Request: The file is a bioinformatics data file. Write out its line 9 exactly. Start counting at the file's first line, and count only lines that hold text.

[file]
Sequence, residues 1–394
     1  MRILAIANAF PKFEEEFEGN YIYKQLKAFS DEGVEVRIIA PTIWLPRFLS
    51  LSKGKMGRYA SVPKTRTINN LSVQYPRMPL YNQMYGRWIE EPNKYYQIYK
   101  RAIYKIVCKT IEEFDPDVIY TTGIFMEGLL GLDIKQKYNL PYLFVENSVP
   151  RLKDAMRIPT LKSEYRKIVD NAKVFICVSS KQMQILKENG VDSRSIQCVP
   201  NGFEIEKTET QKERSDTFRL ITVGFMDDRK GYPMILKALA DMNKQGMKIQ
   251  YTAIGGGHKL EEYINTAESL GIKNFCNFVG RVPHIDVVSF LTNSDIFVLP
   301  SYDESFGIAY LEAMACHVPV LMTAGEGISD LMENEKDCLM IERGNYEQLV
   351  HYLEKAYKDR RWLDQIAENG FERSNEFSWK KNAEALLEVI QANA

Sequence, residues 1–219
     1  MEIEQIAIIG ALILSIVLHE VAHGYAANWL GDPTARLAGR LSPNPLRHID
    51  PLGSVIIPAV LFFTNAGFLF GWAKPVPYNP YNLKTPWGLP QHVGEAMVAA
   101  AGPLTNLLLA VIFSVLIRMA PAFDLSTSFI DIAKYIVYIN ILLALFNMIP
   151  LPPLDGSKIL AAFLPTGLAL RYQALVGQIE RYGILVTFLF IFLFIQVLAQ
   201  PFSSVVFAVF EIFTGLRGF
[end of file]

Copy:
   351  HYLEKAYKDR RWLDQIAENG FERSNEFSWK KNAEALLEVI QANA